New York (CNNMoney.com) - President Obama's foreclosure prevention program will likely fall far short of its goal and may even do more harm than good, a government watchdog said Tuesday.
The Special Inspector General for the Troubled Asset Relief Program said the Treasury Department set targets that weren't "meaningful," mismanaged the implementation of the program, and now risks a substantial number of "re-defaults," with many participants ultimately losing their homes anyway.
The administration's $75 billion loan modification program may help as little as 1.5 to 2 million people, about half the number Obama said it would when he first unveiled the program in February 2009, the inspector general, Neil Barofsky, wrote in a report.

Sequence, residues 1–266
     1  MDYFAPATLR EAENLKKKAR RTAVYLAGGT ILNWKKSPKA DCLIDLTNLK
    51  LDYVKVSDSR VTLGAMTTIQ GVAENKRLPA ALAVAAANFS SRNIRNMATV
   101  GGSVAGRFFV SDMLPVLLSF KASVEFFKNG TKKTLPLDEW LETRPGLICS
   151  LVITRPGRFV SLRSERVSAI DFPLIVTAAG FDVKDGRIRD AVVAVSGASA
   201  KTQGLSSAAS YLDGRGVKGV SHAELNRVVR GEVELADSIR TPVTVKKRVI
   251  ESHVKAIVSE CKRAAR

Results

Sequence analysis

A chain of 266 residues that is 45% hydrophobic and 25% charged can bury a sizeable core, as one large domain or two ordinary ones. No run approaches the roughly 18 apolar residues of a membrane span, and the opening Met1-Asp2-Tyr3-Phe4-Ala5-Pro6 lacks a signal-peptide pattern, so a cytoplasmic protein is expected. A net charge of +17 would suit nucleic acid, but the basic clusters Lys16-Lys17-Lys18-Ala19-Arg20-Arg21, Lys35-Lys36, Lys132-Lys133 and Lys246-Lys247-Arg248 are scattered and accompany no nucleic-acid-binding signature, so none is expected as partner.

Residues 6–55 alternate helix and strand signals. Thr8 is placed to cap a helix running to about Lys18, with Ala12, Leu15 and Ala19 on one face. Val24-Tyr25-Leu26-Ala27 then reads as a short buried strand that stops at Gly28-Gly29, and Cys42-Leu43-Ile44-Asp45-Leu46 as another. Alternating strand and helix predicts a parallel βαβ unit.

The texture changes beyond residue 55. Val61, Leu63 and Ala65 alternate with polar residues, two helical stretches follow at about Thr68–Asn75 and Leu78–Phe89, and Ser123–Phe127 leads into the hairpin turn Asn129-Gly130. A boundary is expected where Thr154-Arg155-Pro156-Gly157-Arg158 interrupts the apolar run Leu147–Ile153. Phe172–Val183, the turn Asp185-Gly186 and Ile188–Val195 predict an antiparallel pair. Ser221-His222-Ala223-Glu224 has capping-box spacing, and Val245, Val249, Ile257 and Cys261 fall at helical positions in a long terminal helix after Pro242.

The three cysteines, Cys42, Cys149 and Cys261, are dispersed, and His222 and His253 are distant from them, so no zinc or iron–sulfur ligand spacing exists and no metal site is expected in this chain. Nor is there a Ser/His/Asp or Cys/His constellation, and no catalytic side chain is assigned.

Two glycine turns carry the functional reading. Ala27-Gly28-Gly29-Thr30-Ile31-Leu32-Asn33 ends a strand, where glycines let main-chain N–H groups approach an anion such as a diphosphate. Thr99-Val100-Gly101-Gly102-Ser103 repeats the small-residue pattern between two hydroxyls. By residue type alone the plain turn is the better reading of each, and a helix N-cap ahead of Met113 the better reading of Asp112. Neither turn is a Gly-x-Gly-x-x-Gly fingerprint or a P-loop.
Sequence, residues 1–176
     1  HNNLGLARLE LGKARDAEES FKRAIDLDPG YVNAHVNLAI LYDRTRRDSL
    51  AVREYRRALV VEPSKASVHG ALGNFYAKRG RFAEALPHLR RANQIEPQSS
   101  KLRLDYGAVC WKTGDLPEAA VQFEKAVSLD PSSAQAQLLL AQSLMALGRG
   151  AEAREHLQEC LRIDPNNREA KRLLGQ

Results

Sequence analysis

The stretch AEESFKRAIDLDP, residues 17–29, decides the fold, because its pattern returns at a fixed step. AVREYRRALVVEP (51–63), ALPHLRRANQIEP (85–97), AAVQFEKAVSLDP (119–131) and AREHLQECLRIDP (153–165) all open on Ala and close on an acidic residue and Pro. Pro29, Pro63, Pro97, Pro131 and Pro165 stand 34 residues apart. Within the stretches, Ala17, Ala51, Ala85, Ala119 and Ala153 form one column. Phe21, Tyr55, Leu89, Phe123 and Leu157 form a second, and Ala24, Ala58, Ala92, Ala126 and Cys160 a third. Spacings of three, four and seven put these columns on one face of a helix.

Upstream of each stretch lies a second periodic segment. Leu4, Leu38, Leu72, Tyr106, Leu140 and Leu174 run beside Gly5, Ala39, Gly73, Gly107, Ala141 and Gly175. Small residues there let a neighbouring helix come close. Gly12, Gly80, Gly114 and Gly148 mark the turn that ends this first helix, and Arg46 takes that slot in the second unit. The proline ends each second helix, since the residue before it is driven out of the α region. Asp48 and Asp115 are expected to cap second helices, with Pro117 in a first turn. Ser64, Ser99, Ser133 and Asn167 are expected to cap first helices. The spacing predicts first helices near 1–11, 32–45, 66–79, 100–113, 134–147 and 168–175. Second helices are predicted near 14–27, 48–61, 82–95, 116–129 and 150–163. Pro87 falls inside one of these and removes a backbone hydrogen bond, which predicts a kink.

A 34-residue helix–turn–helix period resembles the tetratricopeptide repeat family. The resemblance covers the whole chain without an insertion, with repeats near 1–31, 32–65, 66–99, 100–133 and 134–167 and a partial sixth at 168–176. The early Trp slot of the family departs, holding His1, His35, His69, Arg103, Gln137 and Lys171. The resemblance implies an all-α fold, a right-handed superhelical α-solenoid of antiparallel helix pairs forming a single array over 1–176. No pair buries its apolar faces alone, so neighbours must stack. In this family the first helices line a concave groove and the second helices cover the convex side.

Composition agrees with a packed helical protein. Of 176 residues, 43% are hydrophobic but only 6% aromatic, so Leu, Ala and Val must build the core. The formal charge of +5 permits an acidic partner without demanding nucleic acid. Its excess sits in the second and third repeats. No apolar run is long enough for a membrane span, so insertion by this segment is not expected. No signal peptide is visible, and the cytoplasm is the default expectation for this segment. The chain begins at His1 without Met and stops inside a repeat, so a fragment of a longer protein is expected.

New York (CNNMoney.com) - President Obama called on Congress Tuesday to recycle $30 billion of the remaining Troubled Asset Relief Program (TARP) funds into a new government lending program offering super-cheap capital to community banks that boost their small business lending this year.
Touted last week in Obama's State of the Union address, the plan is the latest incarnation of a proposal the president first floated in October. While credit conditions for large businesses have improved over the past year, small companies are still widely reporting problems finding the capital they need to fund their operations.
Since small businesses employ about half of American workers, policymakers worry that the ongoing credit crunch they face is contributing to the nation's high rate of job losses. Improving the job market "must be our No. 1 focus in 2010," Obama said last week.
At a town hall meeting in Nashua, N.H., Obama unveiled his proposed new Small Business Lending Fund. The initiative targets banks with assets of under $10 billion, which collectively account for more than half of the nation's small business lending, according to White House estimates.